Aaron Cohen on my right. We were sitting there and it was getting to
be “Okay, we got this thing by the seat of the pants.” We
weren’t complacent; we’d gone through every check on every
flight. And we saw what happened. As soon as we saw the vehicle encounter
that—not explosion, but it was like an explosion—all three
of us thought it was probably the main engines because that was always
the thing we worried about most, the high-pressure high-speed turbopumps
and everything else in those engines. We thought that that was it.
We went over and looked at films that we got very early on. Within a
few hours we knew what it was. We knew it came from the solid rocket
motors. Then I led an internal group of failure investigation. We started
that process, and within a matter of a few days we had it nailed. We
knew exactly what it was.
The only fortunate thing in any of that, was we could clearly define
what the failure was; therefore, we knew what to fix. Had that failure
been in the main engines, it may have canceled the program because we
may not have ever found out exactly what it was. We didn’t have
that much instrumentation, [and] that much [detailed information].
We had some fixes that we think would have worked, and we could have
been flying again very quickly, like after the Apollo  fire. I think
it was what, eight months from the time of that and a lot of redesign
on the Command Module, I mean a lot of redesign, and we were flying
again. It took us two years [after Challenger before we flew again].
Bureaucracy took over, and it’s just too bad.
Extrapolating on that, Apollo Program was eight plus years from go [ahead]
to fly. Shuttle Program, ’72 to ’81, nine years from start
of development to flight. We’re 23 years in the Space Station,
and it’s just now being completed. Let’s take out four years
for Columbia and Challenger, because two years down in both of those
programs—that’s still 19 years.
Bureaucracy is catching up. I have this theory called the “conservation
of complexity.” The conservation of complexity is when you take
the technical issues and the political issues and you put them together,
that forms a complexity unit. Apollo [had] huge challenges technically.
I mean huge, beyond belief. We didn’t even know what we didn’t
know. I mean period we didn’t know what we didn’t know.
But the political environment was very simple. President was for it,
the Congress was for it, there wasn’t a lot of bureaucracy and
we moved on and we did it.
Fast-forward now to Shuttle. Shuttle came along. Shuttle had some technical
issues—thermal protection system, the main propulsion system and
the avionics—three major state of the art advancements. Simpler
technically, but more complex politically. I’m still maintaining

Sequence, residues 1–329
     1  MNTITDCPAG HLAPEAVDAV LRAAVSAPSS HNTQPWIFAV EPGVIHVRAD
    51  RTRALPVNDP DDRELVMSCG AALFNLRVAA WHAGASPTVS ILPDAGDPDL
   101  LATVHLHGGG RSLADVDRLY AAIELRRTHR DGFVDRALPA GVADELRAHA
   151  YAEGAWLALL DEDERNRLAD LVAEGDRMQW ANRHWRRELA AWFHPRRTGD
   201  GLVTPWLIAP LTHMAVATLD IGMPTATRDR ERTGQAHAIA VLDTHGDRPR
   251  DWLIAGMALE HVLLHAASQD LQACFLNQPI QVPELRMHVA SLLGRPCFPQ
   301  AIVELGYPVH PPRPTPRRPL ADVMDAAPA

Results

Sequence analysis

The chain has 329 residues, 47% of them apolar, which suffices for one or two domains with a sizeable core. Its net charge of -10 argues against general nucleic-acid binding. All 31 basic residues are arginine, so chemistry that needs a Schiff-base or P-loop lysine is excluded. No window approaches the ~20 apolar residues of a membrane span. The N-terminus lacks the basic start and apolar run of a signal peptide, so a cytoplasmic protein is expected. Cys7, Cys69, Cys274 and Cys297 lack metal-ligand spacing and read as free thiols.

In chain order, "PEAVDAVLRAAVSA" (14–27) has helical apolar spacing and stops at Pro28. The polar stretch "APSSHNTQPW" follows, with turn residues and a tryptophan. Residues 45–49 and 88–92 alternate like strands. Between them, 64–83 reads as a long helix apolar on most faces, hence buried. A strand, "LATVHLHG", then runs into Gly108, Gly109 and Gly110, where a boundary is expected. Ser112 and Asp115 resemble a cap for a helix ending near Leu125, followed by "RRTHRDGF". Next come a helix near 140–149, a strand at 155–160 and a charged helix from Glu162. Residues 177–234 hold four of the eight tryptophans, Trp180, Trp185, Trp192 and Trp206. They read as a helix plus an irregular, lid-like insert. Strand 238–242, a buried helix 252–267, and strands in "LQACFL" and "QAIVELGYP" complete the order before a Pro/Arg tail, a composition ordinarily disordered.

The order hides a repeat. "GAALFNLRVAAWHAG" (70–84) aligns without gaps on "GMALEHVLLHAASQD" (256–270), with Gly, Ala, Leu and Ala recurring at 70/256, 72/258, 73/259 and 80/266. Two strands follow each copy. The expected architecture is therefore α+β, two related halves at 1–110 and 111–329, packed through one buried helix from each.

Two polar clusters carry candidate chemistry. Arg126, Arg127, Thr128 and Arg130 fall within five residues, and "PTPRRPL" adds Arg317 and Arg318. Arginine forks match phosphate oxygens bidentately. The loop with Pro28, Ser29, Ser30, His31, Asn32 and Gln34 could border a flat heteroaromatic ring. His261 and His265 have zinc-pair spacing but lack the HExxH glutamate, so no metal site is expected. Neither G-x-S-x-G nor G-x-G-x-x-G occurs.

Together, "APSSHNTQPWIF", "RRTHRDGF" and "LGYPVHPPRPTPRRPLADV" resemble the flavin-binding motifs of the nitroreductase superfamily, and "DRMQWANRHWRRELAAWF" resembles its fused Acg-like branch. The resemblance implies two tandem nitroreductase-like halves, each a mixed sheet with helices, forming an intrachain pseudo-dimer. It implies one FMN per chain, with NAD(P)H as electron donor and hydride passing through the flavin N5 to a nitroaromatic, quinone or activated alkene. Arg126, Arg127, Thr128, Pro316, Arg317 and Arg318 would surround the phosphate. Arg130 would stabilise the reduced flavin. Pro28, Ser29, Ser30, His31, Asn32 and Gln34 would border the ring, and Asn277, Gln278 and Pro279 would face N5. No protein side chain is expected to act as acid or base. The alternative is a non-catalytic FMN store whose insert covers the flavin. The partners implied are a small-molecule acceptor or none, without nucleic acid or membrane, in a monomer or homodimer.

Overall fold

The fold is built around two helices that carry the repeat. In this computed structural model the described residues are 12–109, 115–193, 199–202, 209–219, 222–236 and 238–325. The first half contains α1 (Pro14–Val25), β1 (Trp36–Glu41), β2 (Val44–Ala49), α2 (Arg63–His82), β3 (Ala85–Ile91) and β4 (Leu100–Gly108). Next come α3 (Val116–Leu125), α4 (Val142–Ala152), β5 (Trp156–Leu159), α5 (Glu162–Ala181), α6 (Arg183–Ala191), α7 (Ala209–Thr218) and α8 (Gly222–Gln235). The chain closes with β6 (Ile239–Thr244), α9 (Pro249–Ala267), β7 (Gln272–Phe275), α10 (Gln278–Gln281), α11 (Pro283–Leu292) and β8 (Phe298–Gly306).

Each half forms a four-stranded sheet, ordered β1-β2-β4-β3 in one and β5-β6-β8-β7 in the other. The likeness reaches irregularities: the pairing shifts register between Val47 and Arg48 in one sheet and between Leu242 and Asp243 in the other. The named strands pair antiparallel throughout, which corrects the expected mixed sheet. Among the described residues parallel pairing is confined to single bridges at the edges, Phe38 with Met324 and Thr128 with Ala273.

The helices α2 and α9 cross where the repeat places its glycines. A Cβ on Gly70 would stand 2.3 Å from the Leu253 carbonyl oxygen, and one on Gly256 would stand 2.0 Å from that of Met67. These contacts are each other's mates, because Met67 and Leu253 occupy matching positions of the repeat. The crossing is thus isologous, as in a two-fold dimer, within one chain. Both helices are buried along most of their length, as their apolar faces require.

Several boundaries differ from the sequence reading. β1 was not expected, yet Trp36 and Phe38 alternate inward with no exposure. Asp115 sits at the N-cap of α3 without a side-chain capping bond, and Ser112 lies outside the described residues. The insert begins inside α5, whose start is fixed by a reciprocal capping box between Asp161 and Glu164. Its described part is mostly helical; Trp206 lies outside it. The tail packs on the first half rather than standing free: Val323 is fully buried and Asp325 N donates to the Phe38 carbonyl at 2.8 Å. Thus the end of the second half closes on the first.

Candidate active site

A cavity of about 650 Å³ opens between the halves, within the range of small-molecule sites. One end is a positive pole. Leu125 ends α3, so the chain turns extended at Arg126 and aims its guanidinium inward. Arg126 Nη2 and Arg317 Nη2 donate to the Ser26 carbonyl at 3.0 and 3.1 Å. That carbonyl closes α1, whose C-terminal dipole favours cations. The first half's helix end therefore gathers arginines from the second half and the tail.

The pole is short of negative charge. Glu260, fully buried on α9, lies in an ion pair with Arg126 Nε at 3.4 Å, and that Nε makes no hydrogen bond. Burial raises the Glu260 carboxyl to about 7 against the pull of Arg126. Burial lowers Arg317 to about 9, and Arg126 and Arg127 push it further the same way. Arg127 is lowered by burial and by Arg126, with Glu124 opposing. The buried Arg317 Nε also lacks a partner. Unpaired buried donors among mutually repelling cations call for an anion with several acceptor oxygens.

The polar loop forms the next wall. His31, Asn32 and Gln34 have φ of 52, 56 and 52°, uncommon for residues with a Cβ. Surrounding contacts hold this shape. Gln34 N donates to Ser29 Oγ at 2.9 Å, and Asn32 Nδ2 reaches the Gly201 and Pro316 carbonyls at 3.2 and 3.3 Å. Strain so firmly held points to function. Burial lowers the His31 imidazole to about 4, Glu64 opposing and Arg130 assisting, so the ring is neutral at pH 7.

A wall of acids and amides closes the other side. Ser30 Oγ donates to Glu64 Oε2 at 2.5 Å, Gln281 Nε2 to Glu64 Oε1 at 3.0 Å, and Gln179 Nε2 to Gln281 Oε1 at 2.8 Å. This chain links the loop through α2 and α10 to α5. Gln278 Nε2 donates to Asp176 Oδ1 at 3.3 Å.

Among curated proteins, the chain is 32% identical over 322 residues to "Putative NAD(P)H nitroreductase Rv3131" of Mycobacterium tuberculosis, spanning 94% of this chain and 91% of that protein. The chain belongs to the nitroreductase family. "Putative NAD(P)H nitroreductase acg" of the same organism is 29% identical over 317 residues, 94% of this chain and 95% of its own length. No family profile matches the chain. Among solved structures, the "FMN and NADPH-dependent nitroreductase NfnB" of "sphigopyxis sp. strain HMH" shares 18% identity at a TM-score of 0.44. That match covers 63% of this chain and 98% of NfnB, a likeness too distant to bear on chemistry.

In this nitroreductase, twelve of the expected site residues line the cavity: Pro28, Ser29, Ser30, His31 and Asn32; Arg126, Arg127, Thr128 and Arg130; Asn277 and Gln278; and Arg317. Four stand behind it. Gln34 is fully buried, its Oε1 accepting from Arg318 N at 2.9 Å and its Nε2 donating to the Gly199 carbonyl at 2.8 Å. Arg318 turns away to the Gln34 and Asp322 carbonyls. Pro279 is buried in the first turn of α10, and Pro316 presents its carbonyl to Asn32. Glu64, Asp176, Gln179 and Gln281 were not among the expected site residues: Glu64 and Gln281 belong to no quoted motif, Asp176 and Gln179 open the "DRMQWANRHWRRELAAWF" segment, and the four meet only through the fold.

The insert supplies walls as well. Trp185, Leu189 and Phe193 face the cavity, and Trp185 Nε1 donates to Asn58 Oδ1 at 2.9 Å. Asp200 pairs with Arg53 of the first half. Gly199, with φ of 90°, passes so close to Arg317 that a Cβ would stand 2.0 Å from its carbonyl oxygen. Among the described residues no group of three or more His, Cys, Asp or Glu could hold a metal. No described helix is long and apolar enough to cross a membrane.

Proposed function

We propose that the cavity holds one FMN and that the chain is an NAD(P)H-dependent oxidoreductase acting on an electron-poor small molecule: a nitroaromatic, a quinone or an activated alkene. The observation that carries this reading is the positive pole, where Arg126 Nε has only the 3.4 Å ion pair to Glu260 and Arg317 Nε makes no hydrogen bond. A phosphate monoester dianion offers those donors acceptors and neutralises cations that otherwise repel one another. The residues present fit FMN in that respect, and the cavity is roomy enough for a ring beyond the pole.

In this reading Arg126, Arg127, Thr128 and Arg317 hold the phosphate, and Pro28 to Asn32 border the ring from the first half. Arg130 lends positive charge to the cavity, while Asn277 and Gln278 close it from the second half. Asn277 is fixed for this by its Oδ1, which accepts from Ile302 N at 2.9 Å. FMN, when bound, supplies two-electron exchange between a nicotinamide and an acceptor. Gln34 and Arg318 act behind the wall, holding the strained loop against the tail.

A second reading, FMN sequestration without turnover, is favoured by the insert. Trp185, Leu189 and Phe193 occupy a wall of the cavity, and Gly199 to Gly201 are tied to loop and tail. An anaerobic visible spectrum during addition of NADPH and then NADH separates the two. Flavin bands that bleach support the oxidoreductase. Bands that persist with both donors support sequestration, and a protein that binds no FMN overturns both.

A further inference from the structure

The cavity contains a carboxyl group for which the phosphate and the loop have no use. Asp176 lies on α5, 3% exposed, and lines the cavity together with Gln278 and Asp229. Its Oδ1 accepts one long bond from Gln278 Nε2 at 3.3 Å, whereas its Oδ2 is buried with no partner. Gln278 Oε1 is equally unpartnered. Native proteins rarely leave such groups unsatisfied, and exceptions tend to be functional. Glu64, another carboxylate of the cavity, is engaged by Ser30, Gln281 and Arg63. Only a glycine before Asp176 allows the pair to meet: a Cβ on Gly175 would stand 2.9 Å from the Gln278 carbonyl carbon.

my [conservation of] complexity.
Space Station comes along. Developmentwise, technically, there’s
nothing to Space Station. Yes, there’s a lot of operations that
have to be planned and details, and it’s dangerous, and it’s
complicated—but nothing to develop, everything existed. But the
political environment is just horrendously terrible. Again, make my
case of “conservation of complexity.” You just plot this
graph which I have, and it shows we’re falling right in line.
Then Constellation comes along, and [it is more complex technically
and politically]. If you do Constellation the way the Constellation
Program is defined, yes, there’s some technical challenges on
how people live and work effectively on the lunar surface, but there
are no major technologies as far as propulsion or anything like that.
It’s trying to use “off-the-shelf” stuff there, but
the political thing is very complicated. What we have today is all of
a sudden this Constellation thing has just exploded [politically]. We
don’t know what it is or where it’s going to go. It may
condense back down to Constellation. I don’t believe that’ll
happen, but there’s some good parts of that too.
When we were talking about John Yardley made the decisions and Chris
Kraft and Aaron Cohen—all these guys had full confidence in themselves
because they’d been there and done that on a lot of things. I
had the good fortune of getting to do a lot of things where we designed,
built stuff, and blew things up. You learned by doing those things.
What’s being proposed is a group of technology initiatives. [They]
are not going to just be in the laboratory, [experiment] and analysis.
[The engineers have] to design, build, and test things. That can be
very good for the thing [because] NASA has gotten away from learning
I think that some of the deficiencies in some of the decision making
from what I can see at NASA today, is people are having a hard time
making decisions. It could be, too, because they’re living in
the post-Columbia-Challenger environment where they’re careful,
they’re more afraid to make decisions than probably they could
be, should be. So with these other small [technology institutes]—we
call them small, they’re going to be pretty large—they’re
going to be things where you design and build things and go fly them.
That’s going to be very good if that comes about.
[End of interview]
this link to view all the photos in Thomas L. Moser's photo gallery.
to JSC Oral History Website